Three Reasons We Settle for Less Impact Than We Need To

From the back of the car my 7-year-old daughter asked, “Daddy, can we go to Rome, Italy.”

Me: “Wow. That would be fun. Why do you want to go there?”

Her: “This book says they have a hotel made out of garbage!”

Me: “So that is what you would like to see in Rome?”

Her: “Yes!”

It occurs to me that we could fly her to Rome (this is all theoretical of course). Get in a cab at the airport, drive directly to the hotel made of trash, look at it for a little while, get back into the cab, ask the driver to take us back to the airport.  She would fly home, go to school, and tell her teacher that she went to Rome and saw a hotel made of garbage.  She would likely be unaware that she had missed the Colosseum, the Pantheon, and the Sistine Chapel.  Because she doesn’t yet know what those things are, she’d be perfectly content to settle for simply seeing the hotel made of trash.

Settling is something we as humans do all the time. In the movie Zootopia, Judy the Bunny came from a family of carrot farmers.   Her dad summed it up nicely when speaking to his daughter about her dream of becoming the first ever bunny police officer: “Ever wonder how your mom and me became so happy? We gave up on our dreams and settled … That’s the beauty of complacency.”

We usually settle for one of three reasons:

  1. We try hard. We wait long. We then give up and settle.
  1. We look down the path before trying or waiting, decide it’s not worth it and settle before we even get started.
  1. We settle because we never knew there might be something better worth trying for or waiting on.

My daughter would have been in that third category regarding this hypothetical trip to Rome. She would have been settling, but not because she gave up on something or wasn’t willing to try but because she simply didn’t know there was something better available to her.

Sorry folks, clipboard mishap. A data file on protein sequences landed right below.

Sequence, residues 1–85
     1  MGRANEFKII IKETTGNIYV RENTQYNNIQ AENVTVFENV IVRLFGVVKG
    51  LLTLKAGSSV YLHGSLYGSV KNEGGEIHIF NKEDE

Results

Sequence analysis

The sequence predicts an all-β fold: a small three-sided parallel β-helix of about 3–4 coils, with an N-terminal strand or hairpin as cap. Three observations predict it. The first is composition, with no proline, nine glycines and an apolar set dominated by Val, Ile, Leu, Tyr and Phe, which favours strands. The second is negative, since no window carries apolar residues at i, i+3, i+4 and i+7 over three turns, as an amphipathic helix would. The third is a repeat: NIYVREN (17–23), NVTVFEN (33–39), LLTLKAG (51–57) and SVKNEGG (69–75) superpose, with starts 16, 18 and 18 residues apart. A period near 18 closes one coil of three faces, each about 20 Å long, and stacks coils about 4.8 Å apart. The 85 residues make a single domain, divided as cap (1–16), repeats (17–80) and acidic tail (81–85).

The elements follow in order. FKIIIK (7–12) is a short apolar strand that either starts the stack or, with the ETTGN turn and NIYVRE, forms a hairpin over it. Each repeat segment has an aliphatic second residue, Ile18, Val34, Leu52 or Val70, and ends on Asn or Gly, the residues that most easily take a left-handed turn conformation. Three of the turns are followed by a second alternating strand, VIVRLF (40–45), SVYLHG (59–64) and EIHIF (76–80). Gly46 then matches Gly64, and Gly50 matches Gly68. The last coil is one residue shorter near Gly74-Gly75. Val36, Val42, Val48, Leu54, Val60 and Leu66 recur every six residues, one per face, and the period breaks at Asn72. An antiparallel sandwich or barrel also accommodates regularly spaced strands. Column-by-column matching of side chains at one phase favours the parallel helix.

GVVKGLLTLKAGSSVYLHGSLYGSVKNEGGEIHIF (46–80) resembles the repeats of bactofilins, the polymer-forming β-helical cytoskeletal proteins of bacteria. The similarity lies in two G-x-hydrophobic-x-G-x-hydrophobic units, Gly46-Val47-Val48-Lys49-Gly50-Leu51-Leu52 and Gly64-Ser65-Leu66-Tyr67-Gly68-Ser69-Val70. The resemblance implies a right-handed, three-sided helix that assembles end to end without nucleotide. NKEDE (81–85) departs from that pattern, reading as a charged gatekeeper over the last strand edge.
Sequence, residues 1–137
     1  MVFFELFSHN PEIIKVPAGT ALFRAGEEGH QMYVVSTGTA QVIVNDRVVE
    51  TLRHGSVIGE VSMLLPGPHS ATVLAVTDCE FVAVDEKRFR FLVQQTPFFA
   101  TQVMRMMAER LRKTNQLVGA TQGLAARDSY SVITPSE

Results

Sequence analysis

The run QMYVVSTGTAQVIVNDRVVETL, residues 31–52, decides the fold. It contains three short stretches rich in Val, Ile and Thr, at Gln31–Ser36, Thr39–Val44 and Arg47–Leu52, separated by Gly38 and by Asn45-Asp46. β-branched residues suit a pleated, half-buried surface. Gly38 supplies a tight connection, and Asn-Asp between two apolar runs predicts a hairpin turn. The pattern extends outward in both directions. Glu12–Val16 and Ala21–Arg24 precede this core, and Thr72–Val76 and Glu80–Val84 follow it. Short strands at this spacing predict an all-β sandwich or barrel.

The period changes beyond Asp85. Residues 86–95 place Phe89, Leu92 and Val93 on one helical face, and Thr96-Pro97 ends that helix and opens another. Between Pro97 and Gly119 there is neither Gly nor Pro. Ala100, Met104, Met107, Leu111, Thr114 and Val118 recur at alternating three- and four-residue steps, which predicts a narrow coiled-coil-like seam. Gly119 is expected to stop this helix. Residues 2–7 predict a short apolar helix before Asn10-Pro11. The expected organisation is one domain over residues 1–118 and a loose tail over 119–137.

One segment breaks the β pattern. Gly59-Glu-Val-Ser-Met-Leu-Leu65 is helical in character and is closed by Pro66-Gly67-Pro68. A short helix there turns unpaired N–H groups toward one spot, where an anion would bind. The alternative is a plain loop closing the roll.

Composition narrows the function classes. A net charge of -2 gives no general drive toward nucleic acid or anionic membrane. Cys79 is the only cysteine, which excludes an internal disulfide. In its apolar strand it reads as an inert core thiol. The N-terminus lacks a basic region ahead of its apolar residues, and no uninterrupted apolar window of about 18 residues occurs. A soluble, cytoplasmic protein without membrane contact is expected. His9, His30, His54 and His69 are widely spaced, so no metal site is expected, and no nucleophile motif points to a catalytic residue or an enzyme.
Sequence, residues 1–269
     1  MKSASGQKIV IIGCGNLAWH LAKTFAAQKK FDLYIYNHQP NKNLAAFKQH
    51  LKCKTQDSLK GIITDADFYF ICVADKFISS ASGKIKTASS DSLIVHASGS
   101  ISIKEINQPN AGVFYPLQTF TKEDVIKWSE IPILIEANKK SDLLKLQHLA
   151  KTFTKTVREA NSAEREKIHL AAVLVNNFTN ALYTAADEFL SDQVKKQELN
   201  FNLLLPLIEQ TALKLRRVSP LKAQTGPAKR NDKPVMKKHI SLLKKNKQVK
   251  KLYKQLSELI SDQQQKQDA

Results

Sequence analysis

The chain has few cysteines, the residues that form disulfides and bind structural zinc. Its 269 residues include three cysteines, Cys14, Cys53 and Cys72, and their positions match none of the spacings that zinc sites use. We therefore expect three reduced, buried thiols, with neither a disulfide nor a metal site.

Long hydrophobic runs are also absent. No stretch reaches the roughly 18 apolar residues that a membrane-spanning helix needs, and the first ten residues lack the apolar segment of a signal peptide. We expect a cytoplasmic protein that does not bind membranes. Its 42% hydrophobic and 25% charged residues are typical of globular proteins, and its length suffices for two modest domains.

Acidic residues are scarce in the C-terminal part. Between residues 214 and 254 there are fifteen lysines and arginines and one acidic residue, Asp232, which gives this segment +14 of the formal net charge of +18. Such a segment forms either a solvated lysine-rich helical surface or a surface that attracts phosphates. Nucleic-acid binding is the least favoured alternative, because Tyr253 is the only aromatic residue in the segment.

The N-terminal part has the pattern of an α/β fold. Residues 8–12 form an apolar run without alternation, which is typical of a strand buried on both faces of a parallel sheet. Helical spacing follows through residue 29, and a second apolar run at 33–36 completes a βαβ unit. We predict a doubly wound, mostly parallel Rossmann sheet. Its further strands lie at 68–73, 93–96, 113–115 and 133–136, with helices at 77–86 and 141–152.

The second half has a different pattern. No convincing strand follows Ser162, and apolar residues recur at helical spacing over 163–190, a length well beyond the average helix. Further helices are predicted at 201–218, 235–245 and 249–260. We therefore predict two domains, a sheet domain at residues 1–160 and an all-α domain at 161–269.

When it comes to child advocacy, church ministry, movement-building, and caring for kids from hard places, its very likely there are things each of us are settling for because we just aren’t aware that there might be something better. Someone out there has insight that would make us a better leader or significantly improve the work we do. Someone else knows something that would make us a better parent. The tricky thing is that we often don’t know what we don’t know. Our best defense against this, of course, is to be a life-long learner. Learning is not about filling our minds with facts but rather filling our minds with possibilities.  The people we talk to, the books we read and the questions we ask all help us to keep possibilities open for growing and improving the work we do on behalf of kids.

Here are a few questions for you and your team:

  1. What is something we are doing better now than we did a year ago?
  1. What key insight did we gain or lesson did we learn that led to us doing better at that particular thing?
  1. What are currently my richest sources of learning and growth? Are there others I’d like to seek out?